California-based medical device company Second Sight developed the Argus II Retinal Prosthesis System – the only FDA-approved bionic eye device. Since the Argus II humanitarian approval in 2013, mechanical eye technology has advanced exponentially and now the possibilities are endless.
With 285 million people worldwide visually impaired, devices like Melbourne’s diamond-electrode bionic eyes are starting to have a lasting impact on shaping the future of vision.
Even though devices like Argus II or Melbourne’s bionic eyes have yet to restore vision to 20/20 levels, progress is being made. According to a recent Futurism article, the bionic eye or retinal prosthesis system, “works by bridging the gap between light entering the eye and the optic nerve – which is what communicates images to the brain so we can interpret what we see.”
Second Sight’s approval, according to FDA’s 2013 press release, extends only to patients with Retinitis Pigmentsa – a rare genetic disorder that damages the light-sensitive cells that line the retina inside the eye. The Argus II System helps these patients by tapping into the optic nerve. It does this by not only by integrating a camera inside a pair of sunglasses; but even more importantly, using an implant on the surface of the eye. The end result: patients in the clinical trial were able to perform these activities better with Argus:
• Locating and touching a square on a white field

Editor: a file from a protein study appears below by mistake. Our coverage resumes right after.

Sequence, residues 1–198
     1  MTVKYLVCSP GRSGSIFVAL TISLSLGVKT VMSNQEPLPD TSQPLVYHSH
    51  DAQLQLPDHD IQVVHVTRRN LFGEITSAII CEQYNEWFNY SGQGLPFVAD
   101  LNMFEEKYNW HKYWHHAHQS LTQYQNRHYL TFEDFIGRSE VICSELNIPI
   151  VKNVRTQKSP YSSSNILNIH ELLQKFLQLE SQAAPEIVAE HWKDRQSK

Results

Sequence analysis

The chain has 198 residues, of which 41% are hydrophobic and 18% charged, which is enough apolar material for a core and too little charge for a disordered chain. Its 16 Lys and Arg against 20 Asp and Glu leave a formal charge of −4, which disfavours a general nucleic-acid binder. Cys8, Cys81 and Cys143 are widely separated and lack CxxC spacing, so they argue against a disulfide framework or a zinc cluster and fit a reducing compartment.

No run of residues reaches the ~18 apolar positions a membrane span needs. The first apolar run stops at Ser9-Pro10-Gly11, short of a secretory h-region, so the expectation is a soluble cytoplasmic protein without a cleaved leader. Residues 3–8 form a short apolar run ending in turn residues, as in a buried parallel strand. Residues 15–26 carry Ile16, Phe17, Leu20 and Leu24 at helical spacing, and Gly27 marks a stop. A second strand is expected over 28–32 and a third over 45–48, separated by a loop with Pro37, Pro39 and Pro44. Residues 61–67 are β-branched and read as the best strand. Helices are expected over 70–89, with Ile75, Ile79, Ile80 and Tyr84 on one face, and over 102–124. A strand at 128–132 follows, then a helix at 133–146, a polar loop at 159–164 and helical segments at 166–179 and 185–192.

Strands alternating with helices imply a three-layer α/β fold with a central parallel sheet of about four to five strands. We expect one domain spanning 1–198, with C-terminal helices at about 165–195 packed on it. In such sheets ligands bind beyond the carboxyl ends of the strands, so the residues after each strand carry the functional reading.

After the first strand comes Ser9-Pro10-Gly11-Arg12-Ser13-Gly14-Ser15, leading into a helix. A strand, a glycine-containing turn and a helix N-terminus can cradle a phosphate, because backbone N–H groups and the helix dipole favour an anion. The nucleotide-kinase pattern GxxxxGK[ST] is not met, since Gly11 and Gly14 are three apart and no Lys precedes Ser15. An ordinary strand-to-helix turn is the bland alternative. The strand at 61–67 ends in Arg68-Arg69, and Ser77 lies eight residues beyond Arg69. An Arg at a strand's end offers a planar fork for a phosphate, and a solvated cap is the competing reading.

• Detecting the direction of motion
• Recognizing large letters, words, or sentences
• Detecting street curbs
• Walking on sidewalks without stepping off
• Matching black, gray and white socks
If Argus is capable of restoring sight in the visually impaired, just imagine if mechanical eye technology took one step further. By connecting Argus’ camera to smart glasses like the Zungle Panther or Recon Jet, for example, wearers could experience restored vision and at the same time, take advantage of groundbreaking display technology.
According to Futurism, advances in bionic eye technology could let us see the entire electromagnetic spectrum. From radio waves to gamma waves, this would allow us to see heat, identify different types of gases, look through walls, zoom in and out, record what we see, connect to Wi-Fi, etc. Whether it’s the fire department “seeing” harmful carbon monoxide prior to entering a home or scientists studying cancer cells without the use of microscopes, bionic eye technology could change how the world sees everything.